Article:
In the Season Four finale, the bodies from the vacants pile up while Burrell offers his support to Daniels and admonishes Rawls for crossing him. A distraught Bubbles finds himself at his wit's end ...
The wire begins to yield information about the Barksdale organization. Stringer and Avon reminisce on how far they have come. McNulty finds the way to a key piece of the puzzle in an unlikely place. ...
Set in Baltimore, this show centers around the city's inner-city drug scene. It starts as mid-level drug dealer, D'Angelo Barksdale beats a murder rap. After a conversation with a judge, Det. James McNulty has been assigned to lead a joint homicide and narcotics team, in order to bring down drug kingpin Avon Barksdale. Avon Barksdale, accompanied by his right-hand man Stringer Bell, enforcer Wee-Bey and many lieutenants (including his own nephew, D'Angelo Barksdale), has to deal with law enforcement, informants in his own camp, and competition with a local rival, Omar, who's been robbing Barksdale's dealers and reselling the drugs. The supervisor of the investigation, Lt. Cedric Daniels, has to deal with his own problems, such as a corrupt bureaucracy, some of his detectives beating suspects, hard-headed but determined Det. McNulty, and a blackmailing deputy. The show depicts the lives of every part of the drug "food chain", from junkies to dealers, and from cops to politicians. Written by
David J. Smolar, who appears in the final episode of season 3 as a reporter talking to Councilman Gray, previously appeared as the piano player in a restaurant scene between D'Angelo and his girlfriend in episode 5 of season 1. Smolar performed the piano music heard in that episode, a posthumous Chopin Etude and later movement 2 of Beethoven's Pathetique Sonata. See more »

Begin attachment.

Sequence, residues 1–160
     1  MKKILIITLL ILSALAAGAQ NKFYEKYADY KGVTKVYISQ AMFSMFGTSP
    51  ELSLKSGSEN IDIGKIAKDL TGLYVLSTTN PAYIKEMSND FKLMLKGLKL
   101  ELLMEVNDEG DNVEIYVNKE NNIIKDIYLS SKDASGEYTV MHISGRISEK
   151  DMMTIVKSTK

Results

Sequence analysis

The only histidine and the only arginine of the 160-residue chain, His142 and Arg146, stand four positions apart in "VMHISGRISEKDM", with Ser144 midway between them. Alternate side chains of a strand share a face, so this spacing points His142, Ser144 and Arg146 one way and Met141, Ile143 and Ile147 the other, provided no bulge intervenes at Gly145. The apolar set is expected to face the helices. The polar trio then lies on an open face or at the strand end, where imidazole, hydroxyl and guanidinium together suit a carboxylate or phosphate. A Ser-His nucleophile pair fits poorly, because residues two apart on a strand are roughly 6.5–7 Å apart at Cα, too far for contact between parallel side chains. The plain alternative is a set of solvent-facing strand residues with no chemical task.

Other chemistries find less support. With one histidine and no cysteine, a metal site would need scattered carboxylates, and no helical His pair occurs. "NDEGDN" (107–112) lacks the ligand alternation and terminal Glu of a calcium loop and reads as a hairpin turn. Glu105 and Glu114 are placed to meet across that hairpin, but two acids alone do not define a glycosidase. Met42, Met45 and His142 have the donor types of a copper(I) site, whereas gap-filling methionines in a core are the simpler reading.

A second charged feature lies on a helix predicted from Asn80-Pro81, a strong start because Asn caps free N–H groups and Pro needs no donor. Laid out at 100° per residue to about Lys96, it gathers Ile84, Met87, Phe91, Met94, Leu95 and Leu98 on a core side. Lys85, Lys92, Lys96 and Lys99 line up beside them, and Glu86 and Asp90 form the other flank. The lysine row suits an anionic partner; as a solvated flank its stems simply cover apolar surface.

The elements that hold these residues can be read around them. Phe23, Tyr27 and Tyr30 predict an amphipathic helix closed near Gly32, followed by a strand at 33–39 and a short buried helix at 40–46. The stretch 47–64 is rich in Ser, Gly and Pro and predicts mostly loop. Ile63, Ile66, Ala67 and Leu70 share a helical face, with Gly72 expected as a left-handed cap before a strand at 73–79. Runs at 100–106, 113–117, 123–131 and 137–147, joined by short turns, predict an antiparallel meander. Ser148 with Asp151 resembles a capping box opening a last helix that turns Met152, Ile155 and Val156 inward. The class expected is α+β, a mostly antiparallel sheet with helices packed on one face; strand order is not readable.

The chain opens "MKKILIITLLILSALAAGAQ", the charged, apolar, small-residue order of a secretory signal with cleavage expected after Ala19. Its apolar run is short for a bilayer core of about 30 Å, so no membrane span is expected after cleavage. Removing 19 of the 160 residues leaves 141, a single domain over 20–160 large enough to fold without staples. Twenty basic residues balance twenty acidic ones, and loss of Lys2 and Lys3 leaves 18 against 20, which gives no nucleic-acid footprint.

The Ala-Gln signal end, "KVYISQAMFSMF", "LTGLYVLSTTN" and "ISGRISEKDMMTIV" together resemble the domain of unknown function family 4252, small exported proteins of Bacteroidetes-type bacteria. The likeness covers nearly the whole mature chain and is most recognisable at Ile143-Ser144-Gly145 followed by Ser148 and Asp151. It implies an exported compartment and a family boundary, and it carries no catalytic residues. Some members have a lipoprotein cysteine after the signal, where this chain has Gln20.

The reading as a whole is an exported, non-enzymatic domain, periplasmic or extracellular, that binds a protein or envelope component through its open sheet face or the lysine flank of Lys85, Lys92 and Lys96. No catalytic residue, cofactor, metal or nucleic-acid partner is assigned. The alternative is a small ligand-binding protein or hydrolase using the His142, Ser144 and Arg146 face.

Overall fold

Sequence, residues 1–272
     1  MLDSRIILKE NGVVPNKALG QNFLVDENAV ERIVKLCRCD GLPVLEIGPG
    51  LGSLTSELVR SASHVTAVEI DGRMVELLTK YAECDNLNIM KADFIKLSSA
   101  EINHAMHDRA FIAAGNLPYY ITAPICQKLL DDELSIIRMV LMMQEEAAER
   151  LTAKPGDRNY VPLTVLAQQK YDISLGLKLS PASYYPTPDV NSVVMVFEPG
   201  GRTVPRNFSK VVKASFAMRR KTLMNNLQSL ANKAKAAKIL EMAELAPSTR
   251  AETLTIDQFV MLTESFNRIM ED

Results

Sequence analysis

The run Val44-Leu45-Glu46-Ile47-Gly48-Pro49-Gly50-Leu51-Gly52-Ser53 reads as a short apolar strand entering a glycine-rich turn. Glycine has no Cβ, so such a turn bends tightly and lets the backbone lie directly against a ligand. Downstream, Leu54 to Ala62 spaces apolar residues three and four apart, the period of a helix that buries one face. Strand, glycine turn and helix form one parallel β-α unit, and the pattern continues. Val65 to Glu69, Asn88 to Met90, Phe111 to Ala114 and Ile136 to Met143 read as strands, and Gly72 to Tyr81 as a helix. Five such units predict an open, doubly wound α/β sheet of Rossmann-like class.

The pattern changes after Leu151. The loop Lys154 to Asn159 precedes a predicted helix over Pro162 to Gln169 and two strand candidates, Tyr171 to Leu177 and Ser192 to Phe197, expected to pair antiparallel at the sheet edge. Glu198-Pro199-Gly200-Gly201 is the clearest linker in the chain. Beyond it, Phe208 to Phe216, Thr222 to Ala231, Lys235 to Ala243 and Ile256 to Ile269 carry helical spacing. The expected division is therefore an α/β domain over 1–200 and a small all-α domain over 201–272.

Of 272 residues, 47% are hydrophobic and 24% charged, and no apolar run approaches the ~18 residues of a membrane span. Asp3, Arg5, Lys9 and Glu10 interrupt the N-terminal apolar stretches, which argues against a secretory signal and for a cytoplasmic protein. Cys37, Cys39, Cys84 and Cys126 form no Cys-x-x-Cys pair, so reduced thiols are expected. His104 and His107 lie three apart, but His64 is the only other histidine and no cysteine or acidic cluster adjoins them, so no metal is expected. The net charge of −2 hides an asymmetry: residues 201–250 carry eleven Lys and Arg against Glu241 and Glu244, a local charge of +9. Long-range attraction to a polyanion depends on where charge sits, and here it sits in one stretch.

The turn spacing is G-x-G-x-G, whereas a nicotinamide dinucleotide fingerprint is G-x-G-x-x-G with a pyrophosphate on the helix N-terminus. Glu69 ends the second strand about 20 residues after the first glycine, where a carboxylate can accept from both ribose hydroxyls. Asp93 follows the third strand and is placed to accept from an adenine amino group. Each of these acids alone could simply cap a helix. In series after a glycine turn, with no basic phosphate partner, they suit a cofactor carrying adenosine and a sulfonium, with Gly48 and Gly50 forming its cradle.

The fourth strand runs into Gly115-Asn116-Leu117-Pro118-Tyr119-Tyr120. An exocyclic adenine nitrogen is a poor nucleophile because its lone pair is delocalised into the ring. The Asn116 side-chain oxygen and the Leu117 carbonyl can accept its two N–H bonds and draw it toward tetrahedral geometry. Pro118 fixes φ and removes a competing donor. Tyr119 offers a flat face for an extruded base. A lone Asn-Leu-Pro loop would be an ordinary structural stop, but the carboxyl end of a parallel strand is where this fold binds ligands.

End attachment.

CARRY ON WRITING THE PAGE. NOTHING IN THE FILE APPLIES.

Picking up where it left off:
Throughout the series some Officers are shown on both the day, evening and Night shifts in a short period of time, some even within the same day. The Baltimore police department rarely gives shift changes until the next fiscal year. See more »
HBO's "The Wire", another ground breaking TV crime series from David Simon who grandfathered "Homicide: Life on the Street", raises the bar for crime dramas by dedicating a whole season (13 episodes) to a single story with unparalleled realism. Telling of a motley bunch of detectives who set about to bring down a Baltimore drug ring which supplies a black innercity housing project, the gritty 12 hour first year series slowly develops a broad range of characters from street punks to senators in a world where the blacks and whites of good and evil are reduced to shades of gray and everyone is connected by their humanity for better or for worse. Not the usual cops vs bad guys fare with episodic ups and downs, "The Wire" is one long drama about people which happens in a law enforcement and crime setting. For realists only, this series will require some viewer patience while the complexities of the plot and the characters are developed. One of a kind...so far. (A)
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